Pandemic Boom Pushed House Prices up 20%
The cost of the average UK home has jumped £44,000 over the past two years, as the housing market shook off lockdowns and the recent strain on households budgets.
Nationwide Building Society revealed that the average house price rose by nearly £5,000, or 1.7%, in February alone, to breach £260,000 for the first time.
With house price inflation at 12.6% in February 2022, the average home cost £260,320 - £44,138 or 20% higher than in February 2020.
While house prices briefly dipped as the housing market was frozen during the first lockdown in the spring of 2020, they had rebounded by the summer, as the government suspended stamp duty for most buyers.
The stamp duty holiday - and a rush for more space and homes outside of London for those whose priorities had shifted during the pandemic - caused a scramble for properties in late 2020 and early 2021, despite continued lockdowns. Robust sales were also aided by ultra-low rates on mortgages.
But prices barely dipped when, after multiple extensions, the stamp duty holiday finally wound down in England at the end of September. And they continued their upward trajectory through the autumn, even as inflation and the cost of living rose and the Bank of England hiked the base rate from its emergency low.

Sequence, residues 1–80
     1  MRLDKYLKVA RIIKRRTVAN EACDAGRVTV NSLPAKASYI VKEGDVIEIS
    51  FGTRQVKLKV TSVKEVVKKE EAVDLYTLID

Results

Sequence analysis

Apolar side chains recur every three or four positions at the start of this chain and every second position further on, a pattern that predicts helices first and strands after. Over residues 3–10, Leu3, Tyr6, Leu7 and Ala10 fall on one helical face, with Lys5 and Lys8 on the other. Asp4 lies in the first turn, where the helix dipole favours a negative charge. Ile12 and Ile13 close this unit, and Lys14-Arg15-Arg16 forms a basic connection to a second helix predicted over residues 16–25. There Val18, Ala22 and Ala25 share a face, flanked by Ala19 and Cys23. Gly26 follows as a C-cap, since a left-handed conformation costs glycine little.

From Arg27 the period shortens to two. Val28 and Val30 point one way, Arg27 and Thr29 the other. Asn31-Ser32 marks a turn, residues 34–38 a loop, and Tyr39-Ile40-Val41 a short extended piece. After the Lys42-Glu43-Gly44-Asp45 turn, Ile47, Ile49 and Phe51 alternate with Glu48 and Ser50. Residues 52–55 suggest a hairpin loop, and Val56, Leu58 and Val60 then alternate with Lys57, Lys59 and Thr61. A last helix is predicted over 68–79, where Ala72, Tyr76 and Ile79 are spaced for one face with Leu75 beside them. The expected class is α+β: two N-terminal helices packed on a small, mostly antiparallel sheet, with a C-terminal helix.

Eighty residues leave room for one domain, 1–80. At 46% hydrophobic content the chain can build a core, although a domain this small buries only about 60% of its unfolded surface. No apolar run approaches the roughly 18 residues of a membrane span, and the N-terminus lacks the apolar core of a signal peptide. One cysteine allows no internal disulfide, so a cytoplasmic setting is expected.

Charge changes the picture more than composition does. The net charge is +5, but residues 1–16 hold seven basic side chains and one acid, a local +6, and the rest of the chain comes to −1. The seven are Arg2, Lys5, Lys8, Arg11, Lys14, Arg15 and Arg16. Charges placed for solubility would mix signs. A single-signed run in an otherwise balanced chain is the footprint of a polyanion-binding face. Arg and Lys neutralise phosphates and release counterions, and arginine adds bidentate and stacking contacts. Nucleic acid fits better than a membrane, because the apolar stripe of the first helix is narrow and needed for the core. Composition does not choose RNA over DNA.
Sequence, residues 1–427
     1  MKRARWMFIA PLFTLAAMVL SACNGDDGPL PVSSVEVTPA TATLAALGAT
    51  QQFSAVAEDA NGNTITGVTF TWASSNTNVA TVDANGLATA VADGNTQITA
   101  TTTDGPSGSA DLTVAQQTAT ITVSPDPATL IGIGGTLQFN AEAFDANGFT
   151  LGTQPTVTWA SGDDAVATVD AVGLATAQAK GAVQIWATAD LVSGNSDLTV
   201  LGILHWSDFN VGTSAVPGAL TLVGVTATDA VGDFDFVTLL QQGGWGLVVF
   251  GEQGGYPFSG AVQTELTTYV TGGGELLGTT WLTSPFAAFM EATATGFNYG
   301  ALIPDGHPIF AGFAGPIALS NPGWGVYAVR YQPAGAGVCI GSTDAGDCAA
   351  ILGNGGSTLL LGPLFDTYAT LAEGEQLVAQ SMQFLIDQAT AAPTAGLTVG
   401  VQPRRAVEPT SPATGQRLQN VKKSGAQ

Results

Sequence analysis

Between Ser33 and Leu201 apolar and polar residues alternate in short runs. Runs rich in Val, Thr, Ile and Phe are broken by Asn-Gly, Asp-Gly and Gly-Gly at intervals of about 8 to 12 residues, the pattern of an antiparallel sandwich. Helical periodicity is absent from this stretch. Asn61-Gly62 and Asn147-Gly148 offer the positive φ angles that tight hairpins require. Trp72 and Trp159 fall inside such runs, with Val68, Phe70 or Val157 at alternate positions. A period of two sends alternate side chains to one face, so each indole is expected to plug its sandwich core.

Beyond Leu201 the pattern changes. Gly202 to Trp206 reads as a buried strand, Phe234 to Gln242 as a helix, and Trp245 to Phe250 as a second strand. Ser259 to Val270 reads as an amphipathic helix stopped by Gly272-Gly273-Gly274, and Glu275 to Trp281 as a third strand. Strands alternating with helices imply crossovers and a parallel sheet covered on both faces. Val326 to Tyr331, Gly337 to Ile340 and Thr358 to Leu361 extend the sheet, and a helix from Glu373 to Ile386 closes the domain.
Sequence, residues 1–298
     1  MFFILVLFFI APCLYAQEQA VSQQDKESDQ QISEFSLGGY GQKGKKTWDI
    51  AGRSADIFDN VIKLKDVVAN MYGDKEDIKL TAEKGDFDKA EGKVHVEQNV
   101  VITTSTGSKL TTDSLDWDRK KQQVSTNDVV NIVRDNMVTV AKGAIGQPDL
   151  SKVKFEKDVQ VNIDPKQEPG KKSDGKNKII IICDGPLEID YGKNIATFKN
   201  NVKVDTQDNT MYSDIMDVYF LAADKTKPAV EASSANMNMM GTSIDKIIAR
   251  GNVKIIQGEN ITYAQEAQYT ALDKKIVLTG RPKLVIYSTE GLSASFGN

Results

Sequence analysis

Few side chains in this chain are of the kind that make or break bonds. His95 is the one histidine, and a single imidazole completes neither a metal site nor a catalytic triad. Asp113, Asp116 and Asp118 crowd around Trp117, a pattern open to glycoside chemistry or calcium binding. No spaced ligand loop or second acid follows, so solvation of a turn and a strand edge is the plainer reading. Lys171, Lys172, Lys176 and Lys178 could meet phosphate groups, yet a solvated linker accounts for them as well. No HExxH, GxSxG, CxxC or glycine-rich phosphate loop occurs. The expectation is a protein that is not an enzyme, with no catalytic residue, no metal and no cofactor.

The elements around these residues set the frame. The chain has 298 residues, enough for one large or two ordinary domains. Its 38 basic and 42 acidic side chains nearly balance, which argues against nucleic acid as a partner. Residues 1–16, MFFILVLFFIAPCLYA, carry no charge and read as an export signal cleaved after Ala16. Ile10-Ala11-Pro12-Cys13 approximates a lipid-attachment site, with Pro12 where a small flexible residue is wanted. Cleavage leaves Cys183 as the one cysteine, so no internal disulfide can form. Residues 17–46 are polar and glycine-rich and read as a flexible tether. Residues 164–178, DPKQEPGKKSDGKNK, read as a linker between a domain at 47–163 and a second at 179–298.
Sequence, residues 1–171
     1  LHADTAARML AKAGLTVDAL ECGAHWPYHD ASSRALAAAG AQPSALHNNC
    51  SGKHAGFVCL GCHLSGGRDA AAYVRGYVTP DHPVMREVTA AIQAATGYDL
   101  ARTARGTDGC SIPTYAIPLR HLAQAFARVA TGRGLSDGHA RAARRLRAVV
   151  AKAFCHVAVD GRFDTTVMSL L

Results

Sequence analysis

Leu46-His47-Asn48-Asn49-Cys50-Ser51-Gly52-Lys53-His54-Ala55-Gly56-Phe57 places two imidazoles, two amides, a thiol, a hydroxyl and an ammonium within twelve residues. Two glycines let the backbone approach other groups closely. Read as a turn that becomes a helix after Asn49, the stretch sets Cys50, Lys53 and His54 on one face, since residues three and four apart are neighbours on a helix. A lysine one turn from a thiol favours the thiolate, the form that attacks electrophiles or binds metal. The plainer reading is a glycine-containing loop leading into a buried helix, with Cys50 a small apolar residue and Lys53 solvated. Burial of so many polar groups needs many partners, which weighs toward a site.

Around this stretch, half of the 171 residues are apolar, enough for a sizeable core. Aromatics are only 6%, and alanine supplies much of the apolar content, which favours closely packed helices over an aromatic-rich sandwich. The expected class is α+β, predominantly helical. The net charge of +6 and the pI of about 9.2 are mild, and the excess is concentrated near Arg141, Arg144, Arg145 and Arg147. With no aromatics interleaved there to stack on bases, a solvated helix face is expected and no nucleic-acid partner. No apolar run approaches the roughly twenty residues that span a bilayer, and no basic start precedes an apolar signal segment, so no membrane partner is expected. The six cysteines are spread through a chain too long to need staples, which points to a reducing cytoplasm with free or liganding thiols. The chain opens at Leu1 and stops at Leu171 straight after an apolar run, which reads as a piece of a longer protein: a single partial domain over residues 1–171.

In total, house prices rose £29,000 in just a year between February 2021 and last month.
Mortgage rates are now dearer and incomes pinched, but buyers haven’t been deterred - yet. Mortgage approvals in the early months of 2022 have remained above pre-pandemic levels.
Nationwide’s chief economist, Robert Gardner, attributed the buoyant market to “a combination of robust demand and limited stock of homes on the market has kept upward pressure on prices.”
But he said the strong market is “a little surprising, given the mounting pressure on household budgets from rising inflation, which reached a 30-year high of 5.5 per cent in January, and since borrowing costs have started to move up from all-time lows in recent months.”
"The strength is particularly noteworthy since the squeeze on household incomes has led to a significant weakening of consumer confidence,” he added.
Nationwide’s data echoes the latest update of the Office for National Statistics’ (ONS) House Price Index, which found house prices rose 10.8%, or £27,000, between December 2020 and December 2021.
But market watchers warn of headwinds that will impact price growth in 2022.
Andrew Montlake, managing director of mortgage broker Coreco, said: “Interest rates are set to rise further to contain spiralling inflation, tax hikes are getting ever closer and energy and grocery bills are skyrocketing.
“Moving forward, it's likely that people's borrowing power will wane as lenders take into account these extra costs and that will cause the market to cool down.”
But the impending stall in house prices will be little comfort to young renters who find their first home now £44,000 further away than before the pandemic.